Home sales are slowing in the Philadelphia metro
Home sales in the Philly metro were down 24% year over year, closely tracking the decline nationwide, per RE/MAX’s February report.
Why it matters: In 2022, potential buyers were desperate for more inventory. Now, homes are hitting the market but people can’t afford them.
What’s happening: Rates for a 30-year loan were at 6.09% in early February, but had shot up to 6.65% by the end of the month, per Freddie Mac.
By the numbers: Inventory crept up nearly 15% since last February even as sales plummeted in the region.
- Sales also dipped .7% in February compared to January and inventory also dropped 6%.
- It took an average of 30 days to sell a house in February 2022. Last month, it took 21.
Plus: The median sale price in the Philly region rose more than 5% to $305,000 since last February, per RE/MAX.
Zoom in: Philly continues to suffer from an affordable housing crisis while inflation drives rent prices higher.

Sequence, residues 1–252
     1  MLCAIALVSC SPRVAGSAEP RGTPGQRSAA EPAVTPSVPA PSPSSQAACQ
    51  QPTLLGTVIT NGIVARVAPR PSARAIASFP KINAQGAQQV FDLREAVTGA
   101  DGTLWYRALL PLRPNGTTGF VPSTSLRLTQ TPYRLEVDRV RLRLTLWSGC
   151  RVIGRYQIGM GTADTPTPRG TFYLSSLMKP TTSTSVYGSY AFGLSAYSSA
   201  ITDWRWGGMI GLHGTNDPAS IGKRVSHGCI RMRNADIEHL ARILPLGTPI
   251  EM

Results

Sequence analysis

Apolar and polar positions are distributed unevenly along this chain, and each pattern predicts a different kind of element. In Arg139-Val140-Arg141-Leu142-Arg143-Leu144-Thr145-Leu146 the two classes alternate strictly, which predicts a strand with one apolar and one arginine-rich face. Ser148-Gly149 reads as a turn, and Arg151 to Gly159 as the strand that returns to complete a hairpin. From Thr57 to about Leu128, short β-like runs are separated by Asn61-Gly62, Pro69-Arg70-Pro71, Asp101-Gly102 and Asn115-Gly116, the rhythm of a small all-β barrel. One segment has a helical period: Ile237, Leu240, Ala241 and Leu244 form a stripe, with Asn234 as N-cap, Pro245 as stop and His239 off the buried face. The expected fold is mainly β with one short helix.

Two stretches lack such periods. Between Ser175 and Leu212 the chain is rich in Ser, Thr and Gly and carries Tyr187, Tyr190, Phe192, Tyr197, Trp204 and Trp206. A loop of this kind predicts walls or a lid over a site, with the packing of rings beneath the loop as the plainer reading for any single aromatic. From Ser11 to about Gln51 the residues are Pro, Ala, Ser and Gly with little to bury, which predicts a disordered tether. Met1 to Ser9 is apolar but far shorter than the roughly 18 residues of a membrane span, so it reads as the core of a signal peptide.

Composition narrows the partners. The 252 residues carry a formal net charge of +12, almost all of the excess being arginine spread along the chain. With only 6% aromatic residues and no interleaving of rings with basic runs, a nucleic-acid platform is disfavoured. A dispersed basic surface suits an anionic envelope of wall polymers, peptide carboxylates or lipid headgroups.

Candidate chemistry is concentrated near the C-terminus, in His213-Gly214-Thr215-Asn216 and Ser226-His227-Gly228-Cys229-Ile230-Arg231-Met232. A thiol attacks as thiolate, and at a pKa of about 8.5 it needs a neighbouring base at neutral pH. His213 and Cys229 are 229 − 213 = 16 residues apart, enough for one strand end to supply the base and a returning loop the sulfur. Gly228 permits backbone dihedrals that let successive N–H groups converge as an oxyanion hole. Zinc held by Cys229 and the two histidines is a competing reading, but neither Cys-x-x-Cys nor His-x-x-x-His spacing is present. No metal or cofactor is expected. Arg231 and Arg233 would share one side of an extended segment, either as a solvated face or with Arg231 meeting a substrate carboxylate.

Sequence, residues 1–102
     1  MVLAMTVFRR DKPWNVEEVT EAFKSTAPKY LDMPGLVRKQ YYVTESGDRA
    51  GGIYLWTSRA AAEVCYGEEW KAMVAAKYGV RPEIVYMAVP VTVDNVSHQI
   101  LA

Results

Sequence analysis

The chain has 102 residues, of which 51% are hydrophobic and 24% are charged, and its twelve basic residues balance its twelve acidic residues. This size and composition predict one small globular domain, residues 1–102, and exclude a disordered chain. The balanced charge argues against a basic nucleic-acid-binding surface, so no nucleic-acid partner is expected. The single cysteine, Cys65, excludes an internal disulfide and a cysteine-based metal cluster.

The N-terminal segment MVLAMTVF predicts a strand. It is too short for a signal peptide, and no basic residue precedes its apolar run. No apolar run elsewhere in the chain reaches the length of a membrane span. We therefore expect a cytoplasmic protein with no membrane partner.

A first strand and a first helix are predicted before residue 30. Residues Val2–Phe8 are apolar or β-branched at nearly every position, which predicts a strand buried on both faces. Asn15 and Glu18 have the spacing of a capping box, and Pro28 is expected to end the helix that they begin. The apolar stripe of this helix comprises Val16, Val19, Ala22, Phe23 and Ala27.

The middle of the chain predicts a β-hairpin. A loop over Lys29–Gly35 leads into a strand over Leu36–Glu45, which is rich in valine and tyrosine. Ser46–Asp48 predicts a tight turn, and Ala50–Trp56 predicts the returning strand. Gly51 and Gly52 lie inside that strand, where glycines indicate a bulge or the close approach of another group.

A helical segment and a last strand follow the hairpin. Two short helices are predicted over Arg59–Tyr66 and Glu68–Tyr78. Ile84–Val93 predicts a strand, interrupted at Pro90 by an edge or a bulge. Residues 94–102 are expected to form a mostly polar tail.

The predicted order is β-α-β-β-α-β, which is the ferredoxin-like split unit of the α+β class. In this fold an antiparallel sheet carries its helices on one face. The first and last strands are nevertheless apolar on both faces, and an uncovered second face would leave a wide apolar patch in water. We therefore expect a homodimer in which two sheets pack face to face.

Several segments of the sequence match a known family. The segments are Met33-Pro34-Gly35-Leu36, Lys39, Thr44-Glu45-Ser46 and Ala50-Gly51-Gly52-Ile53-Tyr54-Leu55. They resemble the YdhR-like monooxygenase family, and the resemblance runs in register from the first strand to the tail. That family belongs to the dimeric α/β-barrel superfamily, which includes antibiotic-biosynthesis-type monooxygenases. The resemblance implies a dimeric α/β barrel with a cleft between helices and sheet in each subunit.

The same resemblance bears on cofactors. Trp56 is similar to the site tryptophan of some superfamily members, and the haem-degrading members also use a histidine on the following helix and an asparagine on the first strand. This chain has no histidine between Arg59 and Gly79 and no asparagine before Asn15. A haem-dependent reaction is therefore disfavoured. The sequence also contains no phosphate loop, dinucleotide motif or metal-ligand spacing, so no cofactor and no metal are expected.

Philly had the 9th largest drop in home sales over the past year among the top 50 metro areas RE/MAX analyzed.
- Miami had the largest drop in sales (37%), followed by San Francisco (32%) and De Moines, Iowa (29%).
- Nationally, home sales fell by 24%.
Zoom out: Because there’s less competition right now, buyers don’t have to front as much cash as they did a year ago, Axios’ Emily Peck reports.
Between the lines: Buyers who can afford current mortgage rates have more power.
- They have more options than a year ago, they can take their time searching and they can make offers that aren’t wildly above list price.
Yes, but: These rates make buying unaffordable for many.
What they’re saying: Falling housing sales have historically been a prelude to a drop in prices, said Drexel University economist Kevin Gillen.
- A fall in prices could create a more balanced market between buyers and sellers as the spring housing market gets underway.
- “We’ve seen prices rise faster than income; that’s made a lot of housing more unaffordable,” he said.
What's next: Mortgage rates dropped nearly a quarter point this month, which means buyer activity will likely pick back up.
More Philadelphia stories
No stories could be found
Get a free daily digest of the most important news in your backyard with Axios Philadelphia.